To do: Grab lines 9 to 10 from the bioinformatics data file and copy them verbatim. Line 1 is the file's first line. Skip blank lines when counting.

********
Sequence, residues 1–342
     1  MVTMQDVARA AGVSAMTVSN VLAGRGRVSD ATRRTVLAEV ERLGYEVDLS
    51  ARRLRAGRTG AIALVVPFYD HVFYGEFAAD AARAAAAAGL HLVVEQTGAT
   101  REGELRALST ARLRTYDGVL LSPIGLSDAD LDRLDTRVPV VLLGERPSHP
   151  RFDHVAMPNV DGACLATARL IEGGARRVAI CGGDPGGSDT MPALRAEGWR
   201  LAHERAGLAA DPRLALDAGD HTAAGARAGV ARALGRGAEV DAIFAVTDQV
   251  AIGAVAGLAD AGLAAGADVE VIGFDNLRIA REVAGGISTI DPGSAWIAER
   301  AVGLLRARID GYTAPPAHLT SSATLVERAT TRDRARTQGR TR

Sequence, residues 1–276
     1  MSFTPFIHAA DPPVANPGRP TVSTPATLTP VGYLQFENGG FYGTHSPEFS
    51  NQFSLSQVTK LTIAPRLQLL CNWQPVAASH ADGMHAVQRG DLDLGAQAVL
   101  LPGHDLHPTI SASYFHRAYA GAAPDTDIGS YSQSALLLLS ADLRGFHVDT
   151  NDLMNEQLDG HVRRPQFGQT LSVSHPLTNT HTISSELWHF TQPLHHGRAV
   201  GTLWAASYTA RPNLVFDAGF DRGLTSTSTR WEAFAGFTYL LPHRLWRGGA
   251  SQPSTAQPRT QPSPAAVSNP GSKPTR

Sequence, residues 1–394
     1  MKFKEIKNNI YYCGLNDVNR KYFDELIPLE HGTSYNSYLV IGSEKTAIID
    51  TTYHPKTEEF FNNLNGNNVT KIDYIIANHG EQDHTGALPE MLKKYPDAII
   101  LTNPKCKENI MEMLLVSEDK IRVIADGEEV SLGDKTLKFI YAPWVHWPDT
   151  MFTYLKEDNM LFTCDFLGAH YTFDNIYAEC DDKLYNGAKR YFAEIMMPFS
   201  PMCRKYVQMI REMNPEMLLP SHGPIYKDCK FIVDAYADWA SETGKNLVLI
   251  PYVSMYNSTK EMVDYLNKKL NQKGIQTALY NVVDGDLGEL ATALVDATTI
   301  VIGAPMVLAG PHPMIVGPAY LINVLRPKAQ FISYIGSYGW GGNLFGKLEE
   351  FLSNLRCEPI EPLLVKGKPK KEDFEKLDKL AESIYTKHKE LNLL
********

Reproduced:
Sequence, residues 1–276
     1  MSFTPFIHAA DPPVANPGRP TVSTPATLTP VGYLQFENGG FYGTHSPEFS